DYSART: We should treat every day like National Marquette Day

Students+celebrate+National+Marquette+Day++at+the+men%27s+basketball+game+against+Butler+University+Feb.+9.+

Photo by Jordan Johnson

Students celebrate National Marquette Day at the men's basketball game against Butler University Feb. 9.

This year, National Marquette Day was celebrated Sunday, Feb. 9. Many students were disappointed to learn the event would take place on a Sunday. In effect, students rallied around organizing an “Unofficial National Marquette Day” Saturday, Feb. 1, when the men’s basketball team played DePaul University.  

Unofficial National Marquette Day felt like an official National Marquette Day. The holiday typically entails day-long celebrations that are bigger and better than any day of the year. Many students look forward to getting together with friends and repping their flyest spiritwear, throwing the wildest parties and chanting with the rowdiest student sections. It’s the peak of school spirit. 

The energy and sense of community established on Feb. 1 showed that we can make any day feel like National Marquette Day.

The bar is high when it comes to National Marquette Day Celebrations; scheduling the event on a Sunday instead of a Saturday could potentially lower those expectations. Sundays are typically reserved for studying, rest and recovery. “Sunday scaries” — or the feelings of anxiety one may experience before an upcoming work or school week — have the potential to get even scarier with National Marquette Day festivities falling into the mix. This was one of the main reasons students collectively declared an unofficial National Marquette Day on a Saturday the week before.

University leaders sent a National Marquette Day message to the student body Jan. 30 clarifying that National Marquette Day would fall on a Sunday due to the availability of nationally televised weekend home games.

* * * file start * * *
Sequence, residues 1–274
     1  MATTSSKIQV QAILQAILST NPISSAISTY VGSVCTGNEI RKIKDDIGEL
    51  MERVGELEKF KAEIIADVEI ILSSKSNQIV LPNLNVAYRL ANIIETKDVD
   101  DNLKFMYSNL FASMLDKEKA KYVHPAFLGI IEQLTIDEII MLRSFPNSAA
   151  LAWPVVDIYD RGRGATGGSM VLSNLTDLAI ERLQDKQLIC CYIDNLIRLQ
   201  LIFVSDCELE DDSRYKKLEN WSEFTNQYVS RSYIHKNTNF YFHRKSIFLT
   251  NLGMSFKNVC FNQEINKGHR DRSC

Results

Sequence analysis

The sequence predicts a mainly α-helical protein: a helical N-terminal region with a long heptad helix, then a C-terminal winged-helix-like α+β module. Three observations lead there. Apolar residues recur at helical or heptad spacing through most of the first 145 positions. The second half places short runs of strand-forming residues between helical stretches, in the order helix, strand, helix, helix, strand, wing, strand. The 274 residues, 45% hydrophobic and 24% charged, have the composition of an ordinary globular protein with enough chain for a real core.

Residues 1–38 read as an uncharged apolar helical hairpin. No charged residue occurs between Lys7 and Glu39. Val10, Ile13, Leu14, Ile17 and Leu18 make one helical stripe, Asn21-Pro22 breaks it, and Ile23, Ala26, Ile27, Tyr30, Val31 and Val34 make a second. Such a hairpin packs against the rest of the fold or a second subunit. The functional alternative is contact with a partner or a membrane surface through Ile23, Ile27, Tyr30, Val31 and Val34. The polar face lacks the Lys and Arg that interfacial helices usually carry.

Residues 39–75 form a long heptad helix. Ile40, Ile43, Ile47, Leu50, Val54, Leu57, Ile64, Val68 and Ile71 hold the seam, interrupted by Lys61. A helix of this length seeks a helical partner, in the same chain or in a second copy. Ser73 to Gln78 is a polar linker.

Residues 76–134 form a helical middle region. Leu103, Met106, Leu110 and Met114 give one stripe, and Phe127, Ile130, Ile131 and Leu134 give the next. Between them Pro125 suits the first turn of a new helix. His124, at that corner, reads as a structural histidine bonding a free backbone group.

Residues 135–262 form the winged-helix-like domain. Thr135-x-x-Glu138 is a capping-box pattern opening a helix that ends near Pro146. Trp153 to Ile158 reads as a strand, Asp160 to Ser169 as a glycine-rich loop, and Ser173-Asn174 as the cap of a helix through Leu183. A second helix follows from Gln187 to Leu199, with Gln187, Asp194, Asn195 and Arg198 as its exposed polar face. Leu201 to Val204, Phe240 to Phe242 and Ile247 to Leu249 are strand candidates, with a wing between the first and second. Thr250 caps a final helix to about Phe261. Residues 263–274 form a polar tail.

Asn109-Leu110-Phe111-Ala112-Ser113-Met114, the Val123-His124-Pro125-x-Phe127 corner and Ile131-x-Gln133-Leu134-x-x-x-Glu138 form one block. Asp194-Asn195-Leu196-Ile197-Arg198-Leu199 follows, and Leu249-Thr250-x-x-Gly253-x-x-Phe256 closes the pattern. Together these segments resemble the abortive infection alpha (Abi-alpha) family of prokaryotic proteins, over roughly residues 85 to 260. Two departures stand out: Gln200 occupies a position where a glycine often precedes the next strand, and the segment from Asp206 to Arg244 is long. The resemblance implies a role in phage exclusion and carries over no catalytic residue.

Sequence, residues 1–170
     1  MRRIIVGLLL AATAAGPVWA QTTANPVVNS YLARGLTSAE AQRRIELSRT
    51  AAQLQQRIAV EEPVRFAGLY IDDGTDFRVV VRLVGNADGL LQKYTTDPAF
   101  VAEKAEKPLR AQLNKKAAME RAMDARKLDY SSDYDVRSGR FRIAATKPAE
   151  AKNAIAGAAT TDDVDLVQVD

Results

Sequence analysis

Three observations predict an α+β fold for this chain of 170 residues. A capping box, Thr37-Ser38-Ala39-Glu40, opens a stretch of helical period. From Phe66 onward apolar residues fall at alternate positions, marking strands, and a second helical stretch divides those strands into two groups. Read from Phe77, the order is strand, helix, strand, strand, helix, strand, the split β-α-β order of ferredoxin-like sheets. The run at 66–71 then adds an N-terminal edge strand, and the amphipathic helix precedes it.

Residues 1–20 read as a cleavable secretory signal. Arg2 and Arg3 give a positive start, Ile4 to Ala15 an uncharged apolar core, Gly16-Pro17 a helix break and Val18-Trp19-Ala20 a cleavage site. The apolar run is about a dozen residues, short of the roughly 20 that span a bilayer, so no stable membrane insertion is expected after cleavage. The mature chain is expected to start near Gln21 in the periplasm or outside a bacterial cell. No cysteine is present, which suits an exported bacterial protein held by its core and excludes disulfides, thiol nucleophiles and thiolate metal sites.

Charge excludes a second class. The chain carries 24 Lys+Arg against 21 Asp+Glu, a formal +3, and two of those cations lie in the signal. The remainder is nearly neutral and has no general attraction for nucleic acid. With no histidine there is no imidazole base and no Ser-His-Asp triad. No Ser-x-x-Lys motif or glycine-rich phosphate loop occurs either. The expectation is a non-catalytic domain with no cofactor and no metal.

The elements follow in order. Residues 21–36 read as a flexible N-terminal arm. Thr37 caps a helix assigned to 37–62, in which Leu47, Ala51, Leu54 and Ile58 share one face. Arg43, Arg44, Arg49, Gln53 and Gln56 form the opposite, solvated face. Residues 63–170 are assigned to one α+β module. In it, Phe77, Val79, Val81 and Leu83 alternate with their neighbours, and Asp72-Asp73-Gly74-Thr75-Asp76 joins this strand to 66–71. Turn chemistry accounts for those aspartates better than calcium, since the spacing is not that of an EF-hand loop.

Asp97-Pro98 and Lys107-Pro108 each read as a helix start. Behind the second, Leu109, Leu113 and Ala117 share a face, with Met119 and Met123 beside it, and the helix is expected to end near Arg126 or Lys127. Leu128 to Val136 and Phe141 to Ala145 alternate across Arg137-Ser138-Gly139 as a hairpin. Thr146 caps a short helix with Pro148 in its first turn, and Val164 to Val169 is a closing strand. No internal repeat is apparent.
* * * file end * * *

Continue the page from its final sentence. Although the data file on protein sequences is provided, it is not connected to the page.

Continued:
The message also reminded students to comply with the university’s alcohol policy. Behaviors like underage drinking and abusive consumption of alcohol were discouraged, though National Marquette Day falling on a Sunday could amplify risky drinking opportunities for students who decide to extend their celebrations across several days. National Marquette Day could become National Marquette Weekend.  

It’s important to ask ourselves exactly what we are celebrating on National Marquette Day. There’s more to the holiday than the festivities accompanying it, which is why it could still fall on a Sunday.

University leaders called on students to remember the real purpose of this 25-year-old tradition: to celebrate who we are as a Marquette community, to recognize Catholic and Jesuit values of service and acknowledge our duty to be men and women for and with others. 

With all the excitement surrounding National Marquette Day, it’s easy to lose sight of what the day is truly about. Whether we decide to celebrate for the entire weekend or just on Sunday, from where does our school spirit come? What is it about Marquette that makes our blood run blue and gold? When we say “We are Marquette,” what does this mean exactly?

Of all the universities in the world, it makes sense that Marquette has its own national holiday. Marquette fosters a dynamic community that spans across states, countries and generations. We’re driven to be the change we want to see in the world, fueled by passion that will “set the world on fire,” as Ignatian values tell us to do. We’re a part of something larger than ourselves. 

The magic of National Marquette Day is the way it unites students, faculty and alumni. Parties and basketball games are a plus, but most importantly, the energy and connection we feel is unmatched by any other day of the year. It allows us to surround ourselves with the people that make our Marquette experience so special and celebrate the institution that brought us together in the first place.

Whether the official holiday falls on a Saturday or Sunday, we should treat every day like it is National Marquette Day. We should show school spirit for the Ignatian values we hold as a university and for the people we know and love. We should be proud to be part of this remarkable community.

This story was written by Annie Dysart. She can be reached at anne.dysart@marquette.edu.